Equally important is the value, giving you quality construction and an 11-step adjustable tension for just over a hundred dollars. The rotating legs mean it can fit comfortably even in tight or complex kit set-ups, giving it impressive versatility along with its durability and value.

Gibraltar 5707


If you’re a drummer on a budget, check out the Gibraltar 5707 model—a professional hi-hat stand that will set you back less than a hundred dollars. It’s a low-mass double-braced stand with a compact profile, excellent for gigging drummers.

The double-braced tripod base gives you excellent stability and durability. The cast-hinged height adjustment makes it easy to give your hi-hat the feel that’s most comfortable for your playing style, and locks in securely so it’ll stay put once you find your perfect setting. When it comes to playing, the mechanism is smooth and moves easily without any extraneous noise from either the stand or the foot pedal. This is likely the best hi hat stand if you’re on a budget.

The Base

The main difference in base styles between hi-hat stands is the number of legs they use for support. Many have a tripod design, with a leg to either side of the foot pedal and another at the back of the stand. Others eschew this third leg, with just one leg for support on either side. The tripod designs tend to be more stable on their own, but stability isn’t the only consideration when it comes to the base.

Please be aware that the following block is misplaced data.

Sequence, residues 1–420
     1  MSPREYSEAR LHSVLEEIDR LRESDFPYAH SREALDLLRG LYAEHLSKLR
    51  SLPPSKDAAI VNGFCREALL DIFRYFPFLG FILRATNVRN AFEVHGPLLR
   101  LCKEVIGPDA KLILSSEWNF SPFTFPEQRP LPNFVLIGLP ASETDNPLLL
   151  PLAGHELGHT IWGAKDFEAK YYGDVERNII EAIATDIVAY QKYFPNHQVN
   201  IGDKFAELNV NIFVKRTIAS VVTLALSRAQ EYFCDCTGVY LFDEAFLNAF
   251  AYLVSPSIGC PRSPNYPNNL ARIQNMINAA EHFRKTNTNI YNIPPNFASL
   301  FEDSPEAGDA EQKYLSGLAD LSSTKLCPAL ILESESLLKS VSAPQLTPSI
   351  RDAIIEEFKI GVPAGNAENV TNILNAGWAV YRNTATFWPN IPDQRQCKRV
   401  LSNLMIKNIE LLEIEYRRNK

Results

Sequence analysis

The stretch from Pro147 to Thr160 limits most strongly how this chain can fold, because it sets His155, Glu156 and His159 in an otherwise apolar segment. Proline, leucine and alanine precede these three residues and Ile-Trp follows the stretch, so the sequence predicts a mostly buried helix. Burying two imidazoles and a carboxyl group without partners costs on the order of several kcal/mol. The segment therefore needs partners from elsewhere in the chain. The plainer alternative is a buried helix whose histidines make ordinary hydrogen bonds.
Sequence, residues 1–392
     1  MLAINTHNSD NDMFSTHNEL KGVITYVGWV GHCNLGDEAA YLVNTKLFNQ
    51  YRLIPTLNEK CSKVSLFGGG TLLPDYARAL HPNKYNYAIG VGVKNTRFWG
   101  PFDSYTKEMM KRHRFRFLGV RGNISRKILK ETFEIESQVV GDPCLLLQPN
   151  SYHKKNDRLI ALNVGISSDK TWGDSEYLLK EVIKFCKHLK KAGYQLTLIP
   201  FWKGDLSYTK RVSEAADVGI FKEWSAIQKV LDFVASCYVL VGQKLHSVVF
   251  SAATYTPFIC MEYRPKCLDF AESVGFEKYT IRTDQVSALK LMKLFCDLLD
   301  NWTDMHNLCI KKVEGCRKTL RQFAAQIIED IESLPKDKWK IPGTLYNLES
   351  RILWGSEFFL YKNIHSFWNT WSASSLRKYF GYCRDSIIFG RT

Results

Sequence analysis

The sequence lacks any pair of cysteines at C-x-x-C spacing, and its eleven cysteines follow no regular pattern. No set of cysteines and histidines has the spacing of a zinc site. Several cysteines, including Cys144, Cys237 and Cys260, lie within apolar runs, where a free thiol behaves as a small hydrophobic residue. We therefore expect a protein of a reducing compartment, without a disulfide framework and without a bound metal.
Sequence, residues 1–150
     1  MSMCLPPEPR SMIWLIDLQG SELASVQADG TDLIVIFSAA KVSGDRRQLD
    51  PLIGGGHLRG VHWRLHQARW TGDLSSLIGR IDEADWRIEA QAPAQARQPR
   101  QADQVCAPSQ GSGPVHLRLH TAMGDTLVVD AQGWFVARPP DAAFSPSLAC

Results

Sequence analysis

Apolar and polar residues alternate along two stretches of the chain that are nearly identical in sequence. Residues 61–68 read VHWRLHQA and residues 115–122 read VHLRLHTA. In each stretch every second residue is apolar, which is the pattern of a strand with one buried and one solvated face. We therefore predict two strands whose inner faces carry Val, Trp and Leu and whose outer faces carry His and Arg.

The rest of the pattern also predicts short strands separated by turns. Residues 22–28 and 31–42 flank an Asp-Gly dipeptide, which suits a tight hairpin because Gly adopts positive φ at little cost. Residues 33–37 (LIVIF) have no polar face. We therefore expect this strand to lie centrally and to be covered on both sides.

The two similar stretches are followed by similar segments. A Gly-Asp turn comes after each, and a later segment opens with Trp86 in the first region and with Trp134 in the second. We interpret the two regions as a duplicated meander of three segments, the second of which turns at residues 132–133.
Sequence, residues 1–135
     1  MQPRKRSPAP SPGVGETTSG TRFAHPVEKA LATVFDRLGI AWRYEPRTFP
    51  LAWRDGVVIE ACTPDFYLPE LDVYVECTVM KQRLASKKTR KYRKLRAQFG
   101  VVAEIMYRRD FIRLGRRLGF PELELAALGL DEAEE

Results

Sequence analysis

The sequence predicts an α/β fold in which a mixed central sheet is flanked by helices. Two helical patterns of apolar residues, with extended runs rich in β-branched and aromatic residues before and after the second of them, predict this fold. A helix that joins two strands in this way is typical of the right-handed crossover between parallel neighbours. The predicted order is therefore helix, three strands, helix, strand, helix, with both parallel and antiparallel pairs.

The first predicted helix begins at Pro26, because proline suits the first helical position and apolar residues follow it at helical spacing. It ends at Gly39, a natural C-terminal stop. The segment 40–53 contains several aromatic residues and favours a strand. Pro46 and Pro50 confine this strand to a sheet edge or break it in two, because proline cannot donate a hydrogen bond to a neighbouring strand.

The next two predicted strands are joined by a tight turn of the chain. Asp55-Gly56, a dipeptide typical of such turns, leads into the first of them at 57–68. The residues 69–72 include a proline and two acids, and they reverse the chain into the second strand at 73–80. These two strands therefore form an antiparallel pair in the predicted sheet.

No one piece of a drum kit exists in a vacuum. Even the best hi hat stand need to be able to comfortably fit within the spatial arrangement of your equipment. If you use a lot of cymbals and drums, a tripod hi-hat stand can be trickier to fit where you want it to go. For some players, moving the hi-hat around to accommodate the third foot puts it in an uncomfortable or inconvenient place, and this can interfere with your rhythm and style. If you play on a relatively simple kit, you should be able to fit a tripod hi-hat stand into your setup no problem and will benefit from the added stability. For some players, though, a two-foot design is necessary to make all the pieces fit together in the right way.

Don’t neglect the feet of the unit, either. You want to find a stand that has rubber feet at the base of each leg. Not only does this keep the stand from sliding around when you hit the cymbal, it also helps to minimize vibration traveling up through the stand and causing extraneous noise during your set.

The weight of your cymbals will also have an impact on what style of stand you need. Lighter cymbals will do just fine on a two-legged stand, but heavier cymbals will benefit from the added stability of the third leg. Beyond the leg arrangement, also think about the weight of the stand itself. Again, if your hi-hat cymbals are relatively light, a light-weight stand will do just fine. Heavier cymbals, though, can throw off the balance of a light-weight stand, affecting your sound and precision even if the stand never actually topples.

Finally, don’t only consider the structure of the base when you’re looking for a stand for wide or heavy hi-hats. The pull rod and clutch will need to be equally heavy-duty to work correctly with bigger cymbals.